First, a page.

Twenty patients were assessed clinically at Nagasaki University Hospital. The radiographic indications of OA were grade 1 to 3 using the Kellgren-Lawrence Grading System (K/L grade). Pentosan used in this study was manufactured and supplied in sterile injectable vials (100 mg/ml) by bene GmbH, Munich, Germany. The study was a single-center, open-label trial. Treatment consisted of 6 weekly subcutaneous injections (sc) of pentosan (2 mg/kg). Patients were clinically assessed at entry and 1 to 8, 11, 15, 24 & 52 weeks post treatment. The results were analyzed using one way ANOVA and Dunnett's method.
Results
Hydrarthroses were reduced quickly in all cases. The clinical assessments, i.e., knee flexion, pain while walking, pain after climbing up and down stairs, etc, were improved significantly and these clinical improvements continued for almost one year. The dose used in this study affected the blood coagulation test, but was within safe levels. Slightly abnormal findings were noted in serum triglycerides.
Conclusions
Pentosan treatment in twenty patients with mild knee OA seemed to provide improvements in clinical assessments and C2C level of cartilage metabolism.
Trial Registration
UMIN Clinical Trials Registry (UMIN-CTR) UMIN000002790
doi:10.1186/1472-6904-10-7
PMCID: PMC2873929  PMID: 20346179
48.  Use of analgesics in intentional drug overdose presentations to hospital before and after the withdrawal of distalgesic from the Irish market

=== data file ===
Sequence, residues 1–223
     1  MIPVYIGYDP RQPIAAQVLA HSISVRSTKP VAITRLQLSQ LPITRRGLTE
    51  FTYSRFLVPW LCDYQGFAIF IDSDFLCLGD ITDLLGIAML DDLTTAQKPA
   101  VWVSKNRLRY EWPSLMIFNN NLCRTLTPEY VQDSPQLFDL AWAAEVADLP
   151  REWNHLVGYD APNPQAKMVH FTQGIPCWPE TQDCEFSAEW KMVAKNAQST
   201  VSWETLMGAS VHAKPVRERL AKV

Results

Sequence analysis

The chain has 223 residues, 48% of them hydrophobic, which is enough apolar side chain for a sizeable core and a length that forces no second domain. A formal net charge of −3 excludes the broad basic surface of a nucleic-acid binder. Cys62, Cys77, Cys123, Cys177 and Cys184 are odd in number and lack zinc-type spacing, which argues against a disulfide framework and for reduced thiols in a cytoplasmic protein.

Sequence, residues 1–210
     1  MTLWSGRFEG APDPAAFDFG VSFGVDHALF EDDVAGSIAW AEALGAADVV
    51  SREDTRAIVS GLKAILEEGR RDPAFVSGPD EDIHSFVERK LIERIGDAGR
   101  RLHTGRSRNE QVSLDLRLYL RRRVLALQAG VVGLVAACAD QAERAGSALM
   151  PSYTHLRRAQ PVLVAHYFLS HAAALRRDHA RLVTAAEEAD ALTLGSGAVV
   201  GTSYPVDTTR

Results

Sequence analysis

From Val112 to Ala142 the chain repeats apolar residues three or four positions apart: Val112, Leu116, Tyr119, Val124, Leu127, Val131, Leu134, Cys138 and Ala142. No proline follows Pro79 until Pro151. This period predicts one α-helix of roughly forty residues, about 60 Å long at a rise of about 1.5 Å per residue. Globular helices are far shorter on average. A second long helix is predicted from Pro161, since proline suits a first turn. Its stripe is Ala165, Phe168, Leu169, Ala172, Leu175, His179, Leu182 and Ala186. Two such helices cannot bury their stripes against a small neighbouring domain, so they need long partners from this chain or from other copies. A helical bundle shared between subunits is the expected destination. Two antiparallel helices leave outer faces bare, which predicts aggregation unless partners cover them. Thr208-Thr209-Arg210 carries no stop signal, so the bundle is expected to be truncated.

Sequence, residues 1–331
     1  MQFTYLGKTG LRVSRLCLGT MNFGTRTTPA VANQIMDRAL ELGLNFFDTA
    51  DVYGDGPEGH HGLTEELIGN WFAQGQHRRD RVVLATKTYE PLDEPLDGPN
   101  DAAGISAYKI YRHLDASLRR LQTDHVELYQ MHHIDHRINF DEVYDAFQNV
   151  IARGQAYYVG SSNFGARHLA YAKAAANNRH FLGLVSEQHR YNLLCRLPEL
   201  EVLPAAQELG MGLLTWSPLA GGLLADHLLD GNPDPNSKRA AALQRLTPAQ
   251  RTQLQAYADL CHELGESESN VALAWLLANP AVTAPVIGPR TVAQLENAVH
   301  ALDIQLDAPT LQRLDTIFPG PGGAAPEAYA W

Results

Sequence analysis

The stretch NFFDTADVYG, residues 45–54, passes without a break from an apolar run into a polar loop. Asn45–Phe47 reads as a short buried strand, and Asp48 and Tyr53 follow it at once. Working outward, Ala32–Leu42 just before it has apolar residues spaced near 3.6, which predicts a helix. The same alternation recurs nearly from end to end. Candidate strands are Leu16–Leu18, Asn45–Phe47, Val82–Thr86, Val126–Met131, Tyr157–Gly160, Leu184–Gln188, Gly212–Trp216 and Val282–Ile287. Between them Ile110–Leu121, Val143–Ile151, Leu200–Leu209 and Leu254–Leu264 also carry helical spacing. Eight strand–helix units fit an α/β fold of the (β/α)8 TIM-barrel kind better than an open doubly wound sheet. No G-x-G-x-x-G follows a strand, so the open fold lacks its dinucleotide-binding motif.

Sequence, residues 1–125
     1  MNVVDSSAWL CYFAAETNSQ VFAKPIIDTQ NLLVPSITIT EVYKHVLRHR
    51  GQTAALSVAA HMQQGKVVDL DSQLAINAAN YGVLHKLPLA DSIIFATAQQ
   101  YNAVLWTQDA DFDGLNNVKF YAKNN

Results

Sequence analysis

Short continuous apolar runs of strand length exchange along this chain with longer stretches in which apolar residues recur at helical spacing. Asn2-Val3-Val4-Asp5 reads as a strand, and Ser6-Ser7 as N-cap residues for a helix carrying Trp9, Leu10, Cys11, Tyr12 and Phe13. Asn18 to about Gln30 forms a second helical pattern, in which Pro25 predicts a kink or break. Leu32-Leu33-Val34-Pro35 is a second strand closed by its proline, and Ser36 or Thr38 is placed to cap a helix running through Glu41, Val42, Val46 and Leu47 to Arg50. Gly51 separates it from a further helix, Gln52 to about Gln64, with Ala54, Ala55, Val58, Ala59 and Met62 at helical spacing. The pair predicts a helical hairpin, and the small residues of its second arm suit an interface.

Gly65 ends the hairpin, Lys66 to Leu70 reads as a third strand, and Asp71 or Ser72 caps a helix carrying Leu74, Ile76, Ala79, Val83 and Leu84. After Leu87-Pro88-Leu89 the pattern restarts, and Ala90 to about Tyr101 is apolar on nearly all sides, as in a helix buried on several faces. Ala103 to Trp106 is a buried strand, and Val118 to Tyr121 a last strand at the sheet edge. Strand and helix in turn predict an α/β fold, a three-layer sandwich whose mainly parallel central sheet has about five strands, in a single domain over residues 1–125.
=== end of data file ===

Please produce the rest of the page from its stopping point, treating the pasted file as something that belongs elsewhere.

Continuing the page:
Background
Distalgesic, the prescription-only analgesic compound of paracetamol (325 mg) and dextropropoxyphene (32.5 mg) known as co-proxamol in the UK, was withdrawn from the Irish market as of January 2006. This study aimed to evaluate the impact of the withdrawal of distalgesic in terms of intentional drug overdose (IDO) presentations to hospital emergency departments (EDs) nationally.
Methods
A total of 42,849 IDO presentations to 37 of the 40 hospitals EDs operating in Ireland in 2003-2008 were recorded according to standardised procedures. Data on sales of paracetamol-containing drugs to retail pharmacies for the period 1998-2008 were obtained from IMS Health.
Results
The withdrawal of distalgesic from the Irish market resulted in an immediate reduction in sales to retail pharmacies from 40 million tablets in 2005 to 500,000 tablets in 2006 while there was a 48% increase in sales of other prescription compound analgesics. The rate of IDO presentations to hospital involving distalgesic in 2006-2008 was 84% lower than in the three years before it was withdrawn (10.0 per 100,000). There was a 44% increase in the rate of IDO presentations involving other prescription compound analgesics but the magnitude of this rate increase was five times smaller than the magnitude of the decrease in distalgesic-related IDO presentations. There was a decreasing trend in the rate of presentations involving any paracetamol-containing drug that began in the years before the distalgesic withdrawal.
Conclusions
The withdrawal of distalgesic has had positive benefits in terms of IDO presentations to hospital in Ireland and provides evidence supporting the restriction of availability of means as a prevention strategy for suicidal behaviour.
doi:10.1186/1472-6904-10-6
PMCID: PMC2858125  PMID: 20298551
49.  EVITA: a tool for the early EValuation of pharmaceutical Innovations with regard to Therapeutic Advantage 
Background